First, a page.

Burrard Drydock Company: More than just ships were built

A recent donation of photographs related to the Burrard Drydock Company led me into our collection to see what other associated library and archival records we had. Shipwright Alfred Wallace started the Wallace Shipyards Ltd. in 1906. As his company grew, he changed the name to Wallace Shipbuilding and Repair Ltd. and expanded to sites in False Creek and North Vancouver. In 1921, the name was changed to Burrard Drydock Co. Ltd. and in 1925 they built the first floating drydock in Vancouver. The company was the busiest Canadian shipyard during the war, building a total of 109 Park and Fort Liberty-class freighters, corvettes, minesweepers, and Admiralty maintenance ships from 1939-1945. During this time they also converted and outfitted 19 escort carriers for the Royal Navy. At its peak, the shipyard was one of Vancouver’s major employers with 14,000 staff. After the war, the company continued to build and repair ships and consolidated its holdings with a number of other ship – yards. The Wallace family sold the shipyard to Cornat Industries in 1972 and it was renamed Burrard Yarrows Corporation. By 1985, the shipyard was known as Versatile Pacific Shipyards Inc. and a few short years later, in 1992, the floating drydocks, along with the support buildings at the eastern end of the shipyard, were acquired by a new company, Vancouver Drydock Co. Ltd., which is still in operation today as a part of Seaspan Marine Corporation.

But, enough of a history lecture… back to the photographs! The don tion included crisp, stunning black and white images of the 1916-1917 construction of wooden hulls #92, 93, and 94 — later known as the schooners Mabel Brown , Geraldine Wolvin , and the Jessie Norcross built for the Canada West Coast Navigation Company. Other photographs from later yeas depicted staff hard at work in the ad – ministrative, drafting, and fabricating departments. These photographs were used as one of the sources for the anniversary publication produced by the company called Progress 1894-1946: An Illustrative Presentation by Burrard Drydock Company Limited of their War and Peacetime Shipbuilding Facilities in Canada’s Largest Pacific Port, Vancouver, British Columbia.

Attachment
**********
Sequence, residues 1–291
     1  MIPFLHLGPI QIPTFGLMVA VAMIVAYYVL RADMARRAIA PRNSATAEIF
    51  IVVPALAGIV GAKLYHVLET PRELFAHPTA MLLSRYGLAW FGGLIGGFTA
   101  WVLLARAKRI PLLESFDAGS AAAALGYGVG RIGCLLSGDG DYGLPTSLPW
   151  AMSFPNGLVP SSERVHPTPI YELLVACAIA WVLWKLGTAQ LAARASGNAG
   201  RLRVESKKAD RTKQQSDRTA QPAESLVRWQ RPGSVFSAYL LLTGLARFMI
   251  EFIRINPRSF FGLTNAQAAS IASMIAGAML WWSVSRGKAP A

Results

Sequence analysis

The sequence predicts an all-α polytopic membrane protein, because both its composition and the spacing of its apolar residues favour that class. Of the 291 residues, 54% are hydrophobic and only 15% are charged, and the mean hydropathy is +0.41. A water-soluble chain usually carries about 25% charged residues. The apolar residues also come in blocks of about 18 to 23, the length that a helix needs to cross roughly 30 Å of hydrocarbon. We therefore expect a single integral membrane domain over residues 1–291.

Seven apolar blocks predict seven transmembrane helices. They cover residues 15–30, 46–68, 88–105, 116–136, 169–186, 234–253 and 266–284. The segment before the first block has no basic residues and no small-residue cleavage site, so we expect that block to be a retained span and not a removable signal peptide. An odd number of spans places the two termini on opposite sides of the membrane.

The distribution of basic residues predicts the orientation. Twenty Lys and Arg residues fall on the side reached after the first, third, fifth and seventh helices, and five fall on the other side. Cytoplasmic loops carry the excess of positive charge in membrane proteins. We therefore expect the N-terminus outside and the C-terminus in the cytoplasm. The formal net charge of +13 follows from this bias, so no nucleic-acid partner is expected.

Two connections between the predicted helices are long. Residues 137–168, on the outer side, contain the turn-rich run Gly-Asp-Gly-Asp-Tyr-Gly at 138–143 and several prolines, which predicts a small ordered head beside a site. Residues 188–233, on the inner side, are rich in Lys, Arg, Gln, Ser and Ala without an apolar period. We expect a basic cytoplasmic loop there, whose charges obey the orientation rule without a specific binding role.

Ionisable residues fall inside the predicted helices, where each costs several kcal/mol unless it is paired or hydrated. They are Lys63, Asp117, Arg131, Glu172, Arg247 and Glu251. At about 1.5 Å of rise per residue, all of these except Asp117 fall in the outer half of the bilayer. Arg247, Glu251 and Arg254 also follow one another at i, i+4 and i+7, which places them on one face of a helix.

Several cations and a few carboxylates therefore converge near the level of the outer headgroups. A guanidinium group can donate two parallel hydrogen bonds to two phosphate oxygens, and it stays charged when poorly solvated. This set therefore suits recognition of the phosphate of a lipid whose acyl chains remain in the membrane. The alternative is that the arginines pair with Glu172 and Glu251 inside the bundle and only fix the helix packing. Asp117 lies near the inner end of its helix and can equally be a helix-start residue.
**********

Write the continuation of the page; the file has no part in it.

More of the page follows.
I also located copies of Wallace Shipbuilder, a monthly magazine published by Burrard Drydock Company for its staff. The magazine was July/August 2012 BC Shipping News 19 VANCOUVER MARITIME MUSEUM produced from July 1943 to September 1945 and was used to educate the company’s workforce about the particulars of shipbuilding (not every employee had a nautical background), the status of ships under construction, workplace safety, and included photographs of shipyard events and social activities enjoyed by staff.

Almost 70 years later, the magazine provides an insight into some of the people who worked at Burrard Drydock Company. The June 1944 issue contains an article titled “International Harmony” and includes photos and introductions to seven employees from Russia, Netherlands, the Ukraine, Finland, England, Hungary and Ireland, each bringing their unique talents to the shipbuilding efforts at Burrard Drydock. Other articles in the issue include work- place inventions by staff that increased productivity and streamlined workflow for the welding and machine shops; a re – cord of the celebrations for the completion of the shipyard’s 85th ship (Canada’s 300 th Victory ship for the war); social notices including marriage and birth announcements; language and swimming class schedules; invitations to join various clubs and activities; gardening tips; lost and found items; and an update on the various sports teams made up of shipyard staff titled “What Goes on in the Sports World of Burrard” with infor – mation on the boxing, tug-o-war, swim – ming, softball, and bowling teams. When viewed together, these photo – graphs and publications give us insight into the Burrard Drydock Company through the years. The shipyard was its own large extended family, made up of a community of people brought together for the common goal of building and re – pairing ships, but strengthened by their social ties with each other. Records like this remind us of Vancouver’s rich and proud history of shipbuilding.

Lisa Glandt has been the Librarian/ Archivist for the Vancouver Maritime Museum since 2007. She started volunteering at the museum in 1999 sharing maritime stories with school children and now she preserves the stories. She can be contacted at archives@vancou – vermaritimemuseum.com.